Atlanta city council members delayed voting Wednesday to establish an Office of Inspector General in the face of persistent concerns about whether the proposal would impair independent officials conducting internal audits and investigations of potential ethics violations at City Hall.
The delay came after weeks of negotiations between council members and Mayor Keisha Lance Bottoms’ administration, meant to help solve the city’s most pressing problem: corruption.
A multi-year federal investigation at City Hall has resulted in guilty pleas and indictments of high-ranking bureaucrats and contractors. And it has added momentum to efforts in the Georgia General Assembly to put Hartsfield-Jackson International Airport under state control.
City leaders believe that a powerful Inspector General will demonstrate their seriousness about cleaning up the contracting process and help them retain the airport as the city’s most valuable economic engine.
But the council’s Finance Executive Committee Chairwoman Jennifer Ide began Wednesday’s meeting by announcing the specifics of the ordinance are still being finalized, and that she planned to call a special meeting Friday to consider the matter.
Opposition to the draft IG ordinance has continued to build, after more details became public.
The Atlanta Journal-Constitution was provided a copy of the draft ordinance late Tuesday and found it would make the city auditor and ethics officer subordinate to the Inspector General. There also are questions about whether the proposal would restrict access to privileged documents by the auditor and ethics officer.
“I don’t know what government or corporate structure allows one person to have so much power,” said Nichola Hines, chair elect of the city’s Board of Ethics and Independent Compliance at Wednesday’s meeting.
The city’s ethics office and auditor currently report to their own independent boards. Critics say that move could erode the independence of those two offices.
Under the proposal, the city’s ethics officer and auditor would retain control over their individual staffs, but the newly appointed IG would oversee their investigations, according to the draft ordinance.
The draft also calls for the ethics and audit boards to merge.
Ethics Officer Jabu Sengova told the AJC that the model being proposed does not follow best practices throughout the country.
“The legislation REMOVES all enforcement authority and weakens the Ethics Code,” Sengova wrote to the AJC in an email.
Sengova: ‘No evidence’ supporting model
The idea for an IG emerged last year out of several meetings held by the Task Force for the Promotion of Public Trust — a group attorneys, former judges, accountants that was assembled by Bottoms to help restore confidence in a city government.
Sengova said that the Task Force reviewed how successful IGs function in large municipalities. She said those cities have IGs along with independent ethics officers, auditors and other oversight agencies.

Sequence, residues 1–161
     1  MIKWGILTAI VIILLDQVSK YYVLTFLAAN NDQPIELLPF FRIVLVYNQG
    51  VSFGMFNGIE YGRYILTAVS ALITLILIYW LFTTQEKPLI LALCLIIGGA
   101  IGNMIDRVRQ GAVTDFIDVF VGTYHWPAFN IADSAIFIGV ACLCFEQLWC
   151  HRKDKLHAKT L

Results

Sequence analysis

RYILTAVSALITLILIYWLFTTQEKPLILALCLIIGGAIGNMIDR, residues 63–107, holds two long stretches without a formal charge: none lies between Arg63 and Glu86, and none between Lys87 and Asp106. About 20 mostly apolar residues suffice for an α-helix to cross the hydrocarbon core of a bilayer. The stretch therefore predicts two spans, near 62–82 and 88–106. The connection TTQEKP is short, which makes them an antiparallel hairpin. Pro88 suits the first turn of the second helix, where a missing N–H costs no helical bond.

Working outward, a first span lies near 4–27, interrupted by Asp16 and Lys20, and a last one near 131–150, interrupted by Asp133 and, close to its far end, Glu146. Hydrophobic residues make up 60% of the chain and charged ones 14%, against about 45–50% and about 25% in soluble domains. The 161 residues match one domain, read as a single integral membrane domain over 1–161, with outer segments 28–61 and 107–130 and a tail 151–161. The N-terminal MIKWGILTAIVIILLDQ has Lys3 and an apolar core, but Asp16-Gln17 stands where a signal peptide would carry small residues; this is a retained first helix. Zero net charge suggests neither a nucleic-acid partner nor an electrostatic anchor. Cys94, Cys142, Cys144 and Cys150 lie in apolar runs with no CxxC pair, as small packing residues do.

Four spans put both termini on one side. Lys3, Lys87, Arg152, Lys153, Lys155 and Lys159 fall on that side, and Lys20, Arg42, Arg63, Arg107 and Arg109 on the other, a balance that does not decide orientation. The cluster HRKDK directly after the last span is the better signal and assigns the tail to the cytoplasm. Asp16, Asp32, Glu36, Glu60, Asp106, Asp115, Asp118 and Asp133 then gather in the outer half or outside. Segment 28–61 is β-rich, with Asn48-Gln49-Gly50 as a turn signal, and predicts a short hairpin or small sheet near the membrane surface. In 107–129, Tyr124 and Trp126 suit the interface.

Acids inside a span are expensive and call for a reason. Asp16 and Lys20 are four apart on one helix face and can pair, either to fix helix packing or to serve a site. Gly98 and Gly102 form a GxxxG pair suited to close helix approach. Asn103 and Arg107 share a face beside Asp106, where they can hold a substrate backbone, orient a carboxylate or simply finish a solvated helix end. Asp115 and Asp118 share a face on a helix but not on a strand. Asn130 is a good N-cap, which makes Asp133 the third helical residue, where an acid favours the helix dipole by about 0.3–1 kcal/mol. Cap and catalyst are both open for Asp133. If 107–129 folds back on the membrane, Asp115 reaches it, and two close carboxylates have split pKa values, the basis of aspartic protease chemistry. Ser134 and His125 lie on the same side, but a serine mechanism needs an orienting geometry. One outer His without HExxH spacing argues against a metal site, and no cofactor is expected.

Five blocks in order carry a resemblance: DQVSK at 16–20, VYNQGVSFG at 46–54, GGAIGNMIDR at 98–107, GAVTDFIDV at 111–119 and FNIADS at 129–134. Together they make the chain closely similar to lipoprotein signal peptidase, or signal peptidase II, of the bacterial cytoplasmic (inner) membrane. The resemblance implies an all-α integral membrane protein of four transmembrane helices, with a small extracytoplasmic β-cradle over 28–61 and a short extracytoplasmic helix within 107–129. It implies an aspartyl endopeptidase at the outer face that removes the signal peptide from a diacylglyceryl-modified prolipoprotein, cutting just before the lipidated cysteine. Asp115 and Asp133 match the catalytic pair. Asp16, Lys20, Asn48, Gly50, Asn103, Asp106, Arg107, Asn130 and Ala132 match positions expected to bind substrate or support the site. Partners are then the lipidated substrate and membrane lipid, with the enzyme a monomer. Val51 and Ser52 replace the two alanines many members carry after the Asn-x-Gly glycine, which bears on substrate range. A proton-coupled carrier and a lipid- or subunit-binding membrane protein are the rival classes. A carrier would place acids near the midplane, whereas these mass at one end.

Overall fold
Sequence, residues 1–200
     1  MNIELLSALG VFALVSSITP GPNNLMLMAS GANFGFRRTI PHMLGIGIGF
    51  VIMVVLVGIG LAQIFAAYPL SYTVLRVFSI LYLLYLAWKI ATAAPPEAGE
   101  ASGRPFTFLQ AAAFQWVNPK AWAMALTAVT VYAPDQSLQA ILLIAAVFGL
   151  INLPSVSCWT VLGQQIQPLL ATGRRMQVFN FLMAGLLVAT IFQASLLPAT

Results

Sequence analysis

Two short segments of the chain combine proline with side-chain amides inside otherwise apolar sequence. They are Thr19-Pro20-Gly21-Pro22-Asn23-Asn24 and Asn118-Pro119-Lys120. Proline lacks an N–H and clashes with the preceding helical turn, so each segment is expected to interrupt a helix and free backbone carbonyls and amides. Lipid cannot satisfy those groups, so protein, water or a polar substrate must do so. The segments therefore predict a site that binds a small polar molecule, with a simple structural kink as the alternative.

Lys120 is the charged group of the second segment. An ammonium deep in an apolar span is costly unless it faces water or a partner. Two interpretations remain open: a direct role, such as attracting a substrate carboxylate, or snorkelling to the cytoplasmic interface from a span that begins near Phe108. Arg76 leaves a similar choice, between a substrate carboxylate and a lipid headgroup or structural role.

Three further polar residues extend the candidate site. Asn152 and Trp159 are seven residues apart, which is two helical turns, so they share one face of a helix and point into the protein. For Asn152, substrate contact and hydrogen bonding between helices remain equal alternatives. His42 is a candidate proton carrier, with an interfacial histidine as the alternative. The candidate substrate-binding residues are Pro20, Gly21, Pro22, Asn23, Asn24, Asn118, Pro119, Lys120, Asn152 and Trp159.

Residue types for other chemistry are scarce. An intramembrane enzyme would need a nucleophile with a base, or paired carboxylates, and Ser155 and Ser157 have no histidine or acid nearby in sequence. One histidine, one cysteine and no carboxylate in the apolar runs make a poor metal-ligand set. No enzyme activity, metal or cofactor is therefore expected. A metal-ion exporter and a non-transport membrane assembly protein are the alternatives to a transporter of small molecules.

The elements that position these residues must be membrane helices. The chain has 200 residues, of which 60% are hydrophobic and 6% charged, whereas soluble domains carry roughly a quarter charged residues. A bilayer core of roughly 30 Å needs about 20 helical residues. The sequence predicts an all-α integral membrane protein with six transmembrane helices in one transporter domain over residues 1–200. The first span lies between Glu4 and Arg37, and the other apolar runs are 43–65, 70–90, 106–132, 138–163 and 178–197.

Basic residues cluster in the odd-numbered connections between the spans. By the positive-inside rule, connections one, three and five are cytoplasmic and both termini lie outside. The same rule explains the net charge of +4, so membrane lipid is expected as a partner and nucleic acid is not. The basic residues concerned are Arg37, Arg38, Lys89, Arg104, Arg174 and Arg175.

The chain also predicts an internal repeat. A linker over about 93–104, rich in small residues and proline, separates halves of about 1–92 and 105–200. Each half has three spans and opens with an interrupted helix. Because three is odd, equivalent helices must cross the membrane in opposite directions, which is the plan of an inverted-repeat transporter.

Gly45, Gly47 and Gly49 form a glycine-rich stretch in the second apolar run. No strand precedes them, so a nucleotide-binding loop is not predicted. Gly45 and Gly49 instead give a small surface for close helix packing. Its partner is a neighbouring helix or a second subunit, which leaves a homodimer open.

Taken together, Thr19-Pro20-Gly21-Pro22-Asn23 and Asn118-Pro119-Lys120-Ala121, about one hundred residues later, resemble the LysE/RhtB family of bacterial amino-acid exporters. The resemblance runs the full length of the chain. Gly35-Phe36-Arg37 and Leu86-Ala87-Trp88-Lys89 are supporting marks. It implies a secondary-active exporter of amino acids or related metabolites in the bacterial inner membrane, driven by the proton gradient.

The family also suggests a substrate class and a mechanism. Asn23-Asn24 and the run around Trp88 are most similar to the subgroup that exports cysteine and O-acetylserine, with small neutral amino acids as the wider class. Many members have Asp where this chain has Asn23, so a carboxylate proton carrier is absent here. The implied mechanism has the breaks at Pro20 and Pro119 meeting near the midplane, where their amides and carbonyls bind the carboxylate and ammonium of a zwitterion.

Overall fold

“My office has also done independent research and found no evidence that supports this model,” Sengova said of Atlanta’s draft ordinance.
But former Georgia Supreme Court Chief Justice Leah Sears, who chaired the Public Trust Task Force, supported Bottoms recommendations in a letter delivered to City Attorney Nina Hickson on Wednesday. Sears said the task force suggested folding all the cities investigative entities, including the law department’s compliance officer, under the IG.
However, the task force’s final report never mentioned putting IG over the city auditor.
If the committee approves the ordinance, it could move to the full council on Monday. But because the measure would amend the city’s charter, it would require additional consideration.
Although the proposed legislation appears to diminish some of the two agencies autonomy, it differs from a proposal put forward in an executive order that Bottoms issued late Monday. The executive order would give the new IG control over the ethics officer’s and auditor’s staffs.
The order raised questions about whether it was retaliation for a previous investigation the offices made into Bottoms’ administration last year, in which they concluded that some of the mayor’s campaign workers weren’t properly screen when hired for city jobs and that some were paid from restricted funds unrelated to their actual jobs.
In a letter dated Monday to Bottoms and the City Council, the chairman of the national Association of Local Government Auditors’ Advocacy Committee, warned that the mayor’s proposal could severely damage the auditor’s office.
“The Mayor’s proposed Executive Order giving the inspector general complete authority over the administration, management, direction, operations, and staffing decisions of the City Auditor’s Office introduces risks that could severely impair or dismantle a successful, high performing independent government audit function,” wrote Douglass Jones, who is also auditor in Kansas city, Mo.
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